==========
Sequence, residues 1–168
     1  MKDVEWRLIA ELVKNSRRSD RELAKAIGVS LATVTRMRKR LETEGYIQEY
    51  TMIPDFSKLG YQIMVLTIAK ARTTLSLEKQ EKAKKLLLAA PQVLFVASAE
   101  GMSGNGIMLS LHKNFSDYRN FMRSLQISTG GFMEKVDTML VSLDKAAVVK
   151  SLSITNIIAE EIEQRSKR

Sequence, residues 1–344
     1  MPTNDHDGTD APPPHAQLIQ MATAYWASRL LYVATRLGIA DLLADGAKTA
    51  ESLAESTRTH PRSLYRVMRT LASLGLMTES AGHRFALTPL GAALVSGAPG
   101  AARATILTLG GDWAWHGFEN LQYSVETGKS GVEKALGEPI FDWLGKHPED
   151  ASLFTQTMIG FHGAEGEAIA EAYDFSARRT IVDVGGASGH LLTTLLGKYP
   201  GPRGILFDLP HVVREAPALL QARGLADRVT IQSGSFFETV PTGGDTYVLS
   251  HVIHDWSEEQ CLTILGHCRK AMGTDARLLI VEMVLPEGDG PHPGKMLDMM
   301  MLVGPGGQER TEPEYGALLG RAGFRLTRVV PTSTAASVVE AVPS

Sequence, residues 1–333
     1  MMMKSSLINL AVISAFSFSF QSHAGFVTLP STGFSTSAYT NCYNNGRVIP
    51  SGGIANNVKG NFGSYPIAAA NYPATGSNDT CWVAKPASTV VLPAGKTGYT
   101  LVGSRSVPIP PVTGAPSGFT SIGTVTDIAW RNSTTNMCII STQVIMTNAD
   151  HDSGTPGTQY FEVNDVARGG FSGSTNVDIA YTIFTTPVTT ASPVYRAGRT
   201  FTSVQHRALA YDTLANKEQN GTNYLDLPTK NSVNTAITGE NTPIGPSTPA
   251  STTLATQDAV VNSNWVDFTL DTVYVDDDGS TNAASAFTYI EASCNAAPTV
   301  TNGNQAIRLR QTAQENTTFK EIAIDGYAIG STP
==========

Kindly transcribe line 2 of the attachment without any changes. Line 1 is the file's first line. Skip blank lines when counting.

     1  MKDVEWRLIA ELVKNSRRSD RELAKAIGVS LATVTRMRKR LETEGYIQEY